I smiled, and shrugged. Who has time for starched behavior when music is playing?… I thought. Little did Hans know, I WAS being relatively good in making NO NOISE. See, noise and expression is exactly what I LOVE about some Evangelicals I have worshiped with. They are not afraid to show emotion in their musical worship. The same goes for the Genesis crowd, an African-American contingency of Later-day-Saints that meet the first Sunday evening of each month in Murray, I think.
At the conclusion of the rehearsal, I dashed to the North Visitors Center. By now the coffee was kicking in, and punch-jabbing my bladder, until I knew I could not bear to hold it thirty more minutes. So, under the Universal dome of stars, and the kind gaze of an Anglo Christus, with outstretched flawless, nail printed ushering hands, I skittered around. My Savior seemed to say in laughter, “I love you…..the bathroom is DOWNSTAIRS. jk…Here, I found a very clean restroom worth envy. 🙂
Then back to the repeat of what I had just heard in the Tabernacle. This instant replay felt sort of like what the Homecoming and Summit County Fair parades used to feel like. If you didn’t catch it with the salt water taffy on the way up Main Street, you caught it on the way back. It was two shows for the price of one. Well, in the case of the Tabernacle Choir, it was two long quiet sits. This was good for my quest toward silence, and self control. Very good.
After the live broadcast, I emptied out into the courtyard like so many other visitors. There, I listened to dozens of sister missionaries turn like a wagon wheel, each introducing themselves by name and country. Sister Italy had very BIG hair. I had hoped to speak with her, but did not. Instead, a companionship of a sister from New Zealand, and another from Georgia took me and a handful of tourists from Canada and Australia on a tour of the Assembly Hall and the South Visitor’s Center.
In the Center was an giant model of the Salt Lake Temple, which showed the furnishings of each room. The missionaries explained the purposes of the quarters. At the end of this, I explored exhibits on my own. My favorite was among the humanitarian display and focused on Savior-like Service. There were interactive video clips and large scripture verses displayed. This place felt good.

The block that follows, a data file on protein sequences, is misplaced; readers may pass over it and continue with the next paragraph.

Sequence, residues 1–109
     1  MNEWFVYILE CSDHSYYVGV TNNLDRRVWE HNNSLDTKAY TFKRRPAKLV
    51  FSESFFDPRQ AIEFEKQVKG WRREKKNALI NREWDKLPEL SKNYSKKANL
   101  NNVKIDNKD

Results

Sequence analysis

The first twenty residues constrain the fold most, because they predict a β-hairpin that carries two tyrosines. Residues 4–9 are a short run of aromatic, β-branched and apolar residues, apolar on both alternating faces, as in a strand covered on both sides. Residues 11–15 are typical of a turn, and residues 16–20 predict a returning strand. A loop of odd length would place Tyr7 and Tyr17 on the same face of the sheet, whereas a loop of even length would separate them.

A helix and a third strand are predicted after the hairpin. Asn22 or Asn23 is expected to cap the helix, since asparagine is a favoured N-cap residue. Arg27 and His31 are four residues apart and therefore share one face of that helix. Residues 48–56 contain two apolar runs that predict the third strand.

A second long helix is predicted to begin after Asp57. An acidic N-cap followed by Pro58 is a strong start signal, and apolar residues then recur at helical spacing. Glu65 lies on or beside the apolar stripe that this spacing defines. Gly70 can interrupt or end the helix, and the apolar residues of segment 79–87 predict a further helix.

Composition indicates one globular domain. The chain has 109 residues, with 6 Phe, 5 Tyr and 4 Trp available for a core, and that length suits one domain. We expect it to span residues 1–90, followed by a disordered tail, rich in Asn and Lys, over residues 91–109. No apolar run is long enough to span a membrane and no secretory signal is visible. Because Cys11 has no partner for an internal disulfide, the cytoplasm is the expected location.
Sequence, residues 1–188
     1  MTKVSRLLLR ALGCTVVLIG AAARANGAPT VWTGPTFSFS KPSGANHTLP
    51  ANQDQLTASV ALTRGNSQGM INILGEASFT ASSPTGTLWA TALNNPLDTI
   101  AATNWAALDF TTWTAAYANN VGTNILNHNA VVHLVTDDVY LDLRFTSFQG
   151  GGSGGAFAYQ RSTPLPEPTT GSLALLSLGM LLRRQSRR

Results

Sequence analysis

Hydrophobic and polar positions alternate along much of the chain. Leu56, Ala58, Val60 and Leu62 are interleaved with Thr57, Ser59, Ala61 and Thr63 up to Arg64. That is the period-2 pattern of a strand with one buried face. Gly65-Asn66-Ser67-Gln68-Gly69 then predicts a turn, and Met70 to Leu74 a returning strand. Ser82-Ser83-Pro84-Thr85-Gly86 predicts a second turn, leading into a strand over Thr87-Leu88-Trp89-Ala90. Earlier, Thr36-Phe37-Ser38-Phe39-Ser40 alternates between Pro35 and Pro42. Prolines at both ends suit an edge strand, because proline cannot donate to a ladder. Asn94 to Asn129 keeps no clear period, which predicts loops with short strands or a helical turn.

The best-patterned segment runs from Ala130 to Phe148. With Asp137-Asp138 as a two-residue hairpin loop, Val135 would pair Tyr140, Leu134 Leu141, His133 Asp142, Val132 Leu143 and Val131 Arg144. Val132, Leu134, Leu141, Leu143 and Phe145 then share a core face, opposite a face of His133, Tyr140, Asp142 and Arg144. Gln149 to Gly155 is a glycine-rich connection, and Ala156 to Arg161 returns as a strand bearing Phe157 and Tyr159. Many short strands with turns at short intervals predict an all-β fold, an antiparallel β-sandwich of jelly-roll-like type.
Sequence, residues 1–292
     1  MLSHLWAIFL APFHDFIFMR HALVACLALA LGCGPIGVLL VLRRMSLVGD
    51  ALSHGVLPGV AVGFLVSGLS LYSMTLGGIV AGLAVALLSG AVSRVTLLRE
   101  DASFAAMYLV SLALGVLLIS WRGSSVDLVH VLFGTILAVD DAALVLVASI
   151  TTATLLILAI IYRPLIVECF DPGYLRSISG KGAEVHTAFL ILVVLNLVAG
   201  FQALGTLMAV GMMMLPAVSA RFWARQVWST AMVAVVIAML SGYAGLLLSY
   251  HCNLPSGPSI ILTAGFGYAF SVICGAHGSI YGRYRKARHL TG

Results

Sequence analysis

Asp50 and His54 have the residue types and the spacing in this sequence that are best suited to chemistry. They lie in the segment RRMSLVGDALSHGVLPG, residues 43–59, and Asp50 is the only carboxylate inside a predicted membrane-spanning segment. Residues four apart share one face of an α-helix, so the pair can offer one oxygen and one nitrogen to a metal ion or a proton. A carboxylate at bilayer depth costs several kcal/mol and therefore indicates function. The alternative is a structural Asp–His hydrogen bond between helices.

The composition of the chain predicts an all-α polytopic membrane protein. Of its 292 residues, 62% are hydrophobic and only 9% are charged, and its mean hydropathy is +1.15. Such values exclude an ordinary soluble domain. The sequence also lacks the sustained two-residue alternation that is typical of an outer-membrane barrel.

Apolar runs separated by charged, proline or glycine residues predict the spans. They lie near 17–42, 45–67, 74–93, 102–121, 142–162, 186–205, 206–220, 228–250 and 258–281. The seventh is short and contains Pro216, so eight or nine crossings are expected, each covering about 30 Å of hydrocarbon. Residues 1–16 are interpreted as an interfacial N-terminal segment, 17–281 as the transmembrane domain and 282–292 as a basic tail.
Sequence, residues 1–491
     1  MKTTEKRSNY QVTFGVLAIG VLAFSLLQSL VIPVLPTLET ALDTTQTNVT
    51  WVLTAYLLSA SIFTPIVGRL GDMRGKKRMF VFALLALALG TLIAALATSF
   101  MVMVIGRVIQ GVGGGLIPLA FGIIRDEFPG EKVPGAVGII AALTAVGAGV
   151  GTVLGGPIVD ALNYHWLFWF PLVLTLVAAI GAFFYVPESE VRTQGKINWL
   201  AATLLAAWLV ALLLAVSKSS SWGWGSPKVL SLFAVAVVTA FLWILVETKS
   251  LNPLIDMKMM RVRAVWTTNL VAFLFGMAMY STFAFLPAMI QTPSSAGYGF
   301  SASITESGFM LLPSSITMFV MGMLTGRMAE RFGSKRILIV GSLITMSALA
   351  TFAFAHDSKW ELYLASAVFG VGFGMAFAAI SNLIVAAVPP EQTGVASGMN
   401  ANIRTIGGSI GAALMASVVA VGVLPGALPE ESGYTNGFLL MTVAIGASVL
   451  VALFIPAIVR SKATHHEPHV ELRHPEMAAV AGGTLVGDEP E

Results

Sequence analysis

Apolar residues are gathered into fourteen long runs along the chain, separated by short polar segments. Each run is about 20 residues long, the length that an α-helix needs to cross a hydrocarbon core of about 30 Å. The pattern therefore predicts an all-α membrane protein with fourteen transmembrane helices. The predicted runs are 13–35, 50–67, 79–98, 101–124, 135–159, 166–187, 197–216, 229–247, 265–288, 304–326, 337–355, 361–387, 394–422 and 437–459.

When I got home, I found a continuation of the days sermon of love and selfless giving. A special surprise lay in wait for me in my messy bedroom of laundry baskets. Plastered all over the walls and bureau mirror were Mother’s Day Well Wishing Cards from my students. Devon had arranged for this.
Middle had dropped in unannounced the Friday before Mother’s Day and sent me away. Then she and the kids worked their magic moment. This was wonderful. Nice to have a break and nice to think on a surprise that would present itself in time. Devon truly took me unaware in coming to my classroom that day. I remember all the days I used to, quite forcibly, drag my girls to school “to help” me with projects. This one came uncompelled or forced upon by my Middle girl. She gave it freely. I was impressed, and very grateful. 🙂
Also VERY visible on my bed was a HUGE, oversize homemade Gift Card for a FREE SPA DAY, compliments of my Angel. This 14-year-old loves girly things: clothes, make-up, hair, nails, presentation. A far cry from her Tom boy, active mother. Rather, Angel spends hours reading and watching videos of the pretty kind. She can duplicate any number of make-up looks, and especially hair ideas. I think I own stock in the Smith’s Beauty and Cosmetics Isle. This is a place where we enjoy speed skating on slick concrete floors with slick shoes. So fun…..just not free.
Angel loves her hobby, and is becoming more and more of a beauty consultant to me…..that is, when I will listen to her. Mostly I just wear what fits and suits the “me” look. Now that school is out I will be taking her up on the Spa services as I continue the remake of my middle-age self. She will have fun inflicting pain in plucking my Wild Thornberry eyebrow hedges. Ha ha. This reminds me of a crazy parent story. Someday I may share this publicly.
So that was my Mother’s Day. It was one of the more pleasant glorifications I have known, absent the regular hassle of church services, high fructose corn syrup candy, and most certainly with the bonus of two beautiful young women I am honored to call daughters. I am blessed again and again. 🙂